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Branding Online – How Big Brands Fail To Capitalize With SEO

The new marketing presents many opportunities and challenges for brands to get in front of customers, but many of them have yet to use the web to its full marketing potential.

While social media has been getting most of the attention recently, and online advertising is used to some extent, most brands have sidestepped one area that’s said to provide the best ROI either due to not understanding how it works or it’s enormous potential.

Online branding is broken down to a few main segments – online advertising, search marketing, and social media.

Within search marketing you have the paid side, and the natural listings. For the latter, there is search engine optimization, or SEO, where a website displays in the search results when someone is searching for a particular phrase.

Ranking has its benefits. If someone is searching, its often perceived as being in ‘buying mode’, and the brands that shows on that first page stand a good chance of converting a visit to a sale.

And its big business too. Ranking in the top spots for a highly competitive phrases like “life insurance” could be worth an extra $50 to 100 million to a company.

Search is a big part of how people shop now, or do their homework. Even the Yellow Pages companies know this and a few of them started offering their own SEO services this year.

Some say that branding is about being perceived as synonymous with a category or phrase. This is often related to top of mind awareness and owning a category. It stands to reason that if your website shows on page one for key phrases, you’re positioning your brand online.

Not everyone has a brand preference for every category, and will often search in more generic terms or descriptors. This is where big brands often fail to effectively promote, and where online branding and SEO are being overlooked.
Many brands will use paid search marketing such as AdWords or other types of contextual advertising (aka PPC, or Pay Per Click) to retain part of the search market share. What they may not realize is that hardly 20% are clicking those paid ads, and they’re missing out on the bigger piece of the pie. Paid search can be turned on quick, but months down the road when SEO is starting to perform, it can offset PPC costs later.

When someone goes online to search for something, they typically do it in one of three ways. They’ll type the brand name, the brand plus product name (such as “nike michael jordan”), or the category they’re after (like “running shoes”).

For most brands, they’ll often rank for their own name. Most Internet users would know to simply visit if you’re looking for their products, but many still google (or bing) it. Last month over 1 million searched for “Nike” in Canada.

And there are literally hundreds of thousands of examples like this, possibly into the millions. From “Toronto hotel deal” to “home renovations”, big brands are leaving a lot of money on the table.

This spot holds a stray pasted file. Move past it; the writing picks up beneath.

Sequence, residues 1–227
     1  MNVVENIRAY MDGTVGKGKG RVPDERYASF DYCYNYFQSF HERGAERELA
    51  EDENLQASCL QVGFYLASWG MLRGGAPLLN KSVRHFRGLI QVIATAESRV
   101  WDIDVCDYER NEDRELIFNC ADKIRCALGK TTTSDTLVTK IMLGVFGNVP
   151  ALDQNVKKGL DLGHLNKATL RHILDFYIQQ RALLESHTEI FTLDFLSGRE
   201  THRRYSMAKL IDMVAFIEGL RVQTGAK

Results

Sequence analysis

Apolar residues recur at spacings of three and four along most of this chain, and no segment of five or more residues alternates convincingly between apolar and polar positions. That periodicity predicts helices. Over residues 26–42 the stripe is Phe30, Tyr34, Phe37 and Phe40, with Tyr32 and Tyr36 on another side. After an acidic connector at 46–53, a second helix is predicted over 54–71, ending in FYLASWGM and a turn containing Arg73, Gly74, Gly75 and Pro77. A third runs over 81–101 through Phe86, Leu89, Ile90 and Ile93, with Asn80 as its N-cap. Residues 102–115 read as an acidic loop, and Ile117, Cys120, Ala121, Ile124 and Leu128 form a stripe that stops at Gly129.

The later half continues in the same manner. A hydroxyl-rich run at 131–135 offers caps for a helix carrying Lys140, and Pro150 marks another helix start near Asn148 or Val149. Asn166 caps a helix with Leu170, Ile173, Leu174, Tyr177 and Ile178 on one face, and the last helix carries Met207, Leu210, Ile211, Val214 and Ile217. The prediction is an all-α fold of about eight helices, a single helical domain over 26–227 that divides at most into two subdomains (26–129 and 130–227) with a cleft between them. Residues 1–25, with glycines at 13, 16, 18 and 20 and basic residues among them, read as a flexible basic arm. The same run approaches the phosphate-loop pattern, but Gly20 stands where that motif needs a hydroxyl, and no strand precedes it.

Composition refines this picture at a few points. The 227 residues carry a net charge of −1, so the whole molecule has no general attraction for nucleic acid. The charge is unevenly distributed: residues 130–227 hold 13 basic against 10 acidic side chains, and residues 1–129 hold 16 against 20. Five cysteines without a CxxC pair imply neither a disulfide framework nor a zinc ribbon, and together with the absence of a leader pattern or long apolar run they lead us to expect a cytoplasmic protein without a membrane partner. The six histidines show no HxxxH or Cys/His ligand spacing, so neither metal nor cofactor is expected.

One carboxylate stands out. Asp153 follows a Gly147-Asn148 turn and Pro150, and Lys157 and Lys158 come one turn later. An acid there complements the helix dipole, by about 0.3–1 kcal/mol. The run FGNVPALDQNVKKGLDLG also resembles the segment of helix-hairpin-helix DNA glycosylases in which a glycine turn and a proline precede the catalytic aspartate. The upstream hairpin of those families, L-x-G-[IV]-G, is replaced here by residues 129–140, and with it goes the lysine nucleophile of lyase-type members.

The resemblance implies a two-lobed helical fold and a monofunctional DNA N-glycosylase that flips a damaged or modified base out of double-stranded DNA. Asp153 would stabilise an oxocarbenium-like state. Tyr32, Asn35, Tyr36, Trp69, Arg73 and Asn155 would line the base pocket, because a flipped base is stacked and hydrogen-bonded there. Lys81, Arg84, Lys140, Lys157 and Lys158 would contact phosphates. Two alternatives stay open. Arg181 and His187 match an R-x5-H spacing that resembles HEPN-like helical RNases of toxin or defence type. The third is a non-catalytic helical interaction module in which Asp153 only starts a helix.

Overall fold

Is this an opportunity for the smaller brands to get ahead? Probably.

In a report by Marketing Sherpa, SEO was considered the strongest tactic in terms of return on marketing investment. This was especially true for product sites. Other tactics, mentioned in order were email lists, ppc, pr, and media buys respectively.

Although social media traffic is now responsible sending huge amounts of referrals to many sites, its very possible that its because they’re SEO efforts have either failed them or haven’t been properly tested.

All too often companies have inexperienced providers which sours them on SEO as they see little or no return. Even though it’s a process that often takes a commitment of 10-12 months or more, there should still be evidence of making advances along the way. And as mentioned, it’s also proven to offer the best return for online marketing when properly done.

Will online branding become part of your strategy?


  1. Ian Paul Marshall
    Ian Paul Marshall August 13, 2010

    I think SEO for a lot of businesses is a lot like voodoo.
    The mention of the word conjures up a lot of mind junk and stereotypes.
    SEO is amazing once you get it working for you. And it puts your site on autopilot.
    Any business nowadays without an SEO strategy will quickly be left in the dust

  2. Esposito
    Esposito August 19, 2010

    I am always dumbfounded by the inability of large businesses to employ an SEO strategy. I think this was an excellent post: having worked at large companies on internal marketing teams, it is a struggle to convince C-level execs about the beauty of SEO – especially when those projects conflict with other work, or a budget is in need of expansion.
    I really enjoyed this piece, so thank you!

  3. Mark Nicholson - SEO
    Mark Nicholson - SEO August 20, 2010

    I couldn’t agree more. One thing businesses need to understand is its a process. Unlike advertising, where you can turn a campaign on and start seeing results. With SEO there is a sort of fermenting period to getting it going. But it does have a better return than most other forms of marketing once it’s working. For those that are unfamiliar, depending on the competitiveness of your target keywords it can take 4-6 months to over a year. Local targets always being easier to dominate than a product/service/ or category phrase. But it’s not a question of whether you use SEO, its more like when. And as you said, those without an SEO strategy will be left in the dust and forced to play catch up later.
    Some businesses might be interested in an SEO ROI calculator to see what kind of potential they’re missing out on.
    I would be interested in any insights you have about educating this. Will check your blog.

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